As Daley Steps Down, Will Rahm Step Up?

Chicago mayor Richard Daley shocked the political establishment today by announcing that he won't be seeking a seventh term. The 68-year-old Daley has been mayor since 1989.

The Daley family (Richard's father served 21 years as mayor) has won renown for its efficient (and often suspect) machine politics. While the latter Daley's reign was marked with plenty of achievements, NPR's Frank James reports that it was also marred by controversy:

Of course, Chicago being a place where historically, political corruption was raised to high art, Daley's administration had its issues with scandal.

There was the Hired Truck program in which the city hired private trucks to do government work. Problem was, an investigation by the Chicago Sun Times indicated that some of the trucks weren't doing any work and that taxpayer money was going in some firms with mob ties. That Daley didn't initially seem as scandalized as the public by some of what was revealed didn't help matters.

Daley was also capable of some moves that would have seemed more typical of democracy in the Middle East than the Midwest.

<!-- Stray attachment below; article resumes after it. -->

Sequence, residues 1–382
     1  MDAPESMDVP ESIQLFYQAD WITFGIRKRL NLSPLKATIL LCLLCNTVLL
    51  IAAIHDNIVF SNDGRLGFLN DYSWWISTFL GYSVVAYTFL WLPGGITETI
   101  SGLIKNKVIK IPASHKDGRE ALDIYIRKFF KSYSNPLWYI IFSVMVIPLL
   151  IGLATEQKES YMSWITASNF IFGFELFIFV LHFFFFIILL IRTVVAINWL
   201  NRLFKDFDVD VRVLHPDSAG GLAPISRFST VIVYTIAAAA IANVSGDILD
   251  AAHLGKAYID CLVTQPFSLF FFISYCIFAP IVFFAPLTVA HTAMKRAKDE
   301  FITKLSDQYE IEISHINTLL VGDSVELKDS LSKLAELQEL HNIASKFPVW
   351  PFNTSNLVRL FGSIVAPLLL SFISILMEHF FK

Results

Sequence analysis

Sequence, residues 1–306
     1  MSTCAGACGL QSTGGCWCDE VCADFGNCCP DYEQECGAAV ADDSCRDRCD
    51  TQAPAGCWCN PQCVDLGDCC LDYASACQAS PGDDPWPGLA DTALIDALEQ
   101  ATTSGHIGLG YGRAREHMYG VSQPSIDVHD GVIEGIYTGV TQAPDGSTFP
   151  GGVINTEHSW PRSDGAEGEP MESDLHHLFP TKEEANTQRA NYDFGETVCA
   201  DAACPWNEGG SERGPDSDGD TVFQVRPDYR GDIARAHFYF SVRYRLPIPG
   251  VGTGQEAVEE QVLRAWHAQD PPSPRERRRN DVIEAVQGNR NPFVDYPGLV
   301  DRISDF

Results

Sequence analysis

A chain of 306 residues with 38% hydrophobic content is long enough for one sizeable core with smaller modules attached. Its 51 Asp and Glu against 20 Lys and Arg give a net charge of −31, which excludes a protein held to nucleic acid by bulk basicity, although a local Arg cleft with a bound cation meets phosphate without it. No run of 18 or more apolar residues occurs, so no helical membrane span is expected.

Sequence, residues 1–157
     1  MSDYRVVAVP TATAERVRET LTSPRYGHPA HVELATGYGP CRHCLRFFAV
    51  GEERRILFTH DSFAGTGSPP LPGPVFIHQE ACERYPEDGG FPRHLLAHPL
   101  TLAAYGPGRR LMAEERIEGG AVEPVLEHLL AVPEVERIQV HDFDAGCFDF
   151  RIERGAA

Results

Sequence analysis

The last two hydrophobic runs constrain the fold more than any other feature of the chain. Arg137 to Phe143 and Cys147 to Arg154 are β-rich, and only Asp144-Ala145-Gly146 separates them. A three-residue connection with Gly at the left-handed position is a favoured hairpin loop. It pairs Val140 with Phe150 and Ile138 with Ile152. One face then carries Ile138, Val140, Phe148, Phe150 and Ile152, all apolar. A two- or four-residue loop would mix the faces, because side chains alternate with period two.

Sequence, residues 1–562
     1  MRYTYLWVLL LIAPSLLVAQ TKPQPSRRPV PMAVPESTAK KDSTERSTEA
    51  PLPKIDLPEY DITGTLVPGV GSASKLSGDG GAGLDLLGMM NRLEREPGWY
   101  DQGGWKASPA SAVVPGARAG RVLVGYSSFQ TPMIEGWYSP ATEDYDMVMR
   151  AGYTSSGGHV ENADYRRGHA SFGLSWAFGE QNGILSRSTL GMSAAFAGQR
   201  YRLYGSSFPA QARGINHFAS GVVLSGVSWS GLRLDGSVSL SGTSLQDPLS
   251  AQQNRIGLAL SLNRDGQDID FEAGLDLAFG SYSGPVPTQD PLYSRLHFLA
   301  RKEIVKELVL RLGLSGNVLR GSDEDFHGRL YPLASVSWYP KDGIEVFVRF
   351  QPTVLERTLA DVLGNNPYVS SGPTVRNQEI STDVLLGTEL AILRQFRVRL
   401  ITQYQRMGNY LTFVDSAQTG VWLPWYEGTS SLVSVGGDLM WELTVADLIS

For instance, when he decided to close Meigs Field, the small downtown airport which he wanted to turn it into a park, he decided to present his opposition with a fait accompli. He sent bulldozers out and night to destroy the runways. End of debate.

Daley's announcement has sparked immediate speculation that Obama Chief of Staff Rahm Emanuel will run to replace him:

The announcement opens the door to Rahm Emanuel, President Barack Obama's White House chief of staff who has openly said he would like to occupy the Fifth Floor in Chicago which is how Chicagoans refer to the mayor's office.

Obama had to really lobby Emanuel to take the chief of staff's job because the former congressman who has children was reluctant to take on the kind of hours required the White House job required.

Being mayor would be a lot less taxing especially since Chicago as a city under Daley has maintained the reputation for efficiency it gained when Daley the elder managed it. It was, after all, known as the City That Works and that moniker has seemed to fit.

Read the full story at NPR.

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Nicole Allan is a former senior editor at The Atlantic.

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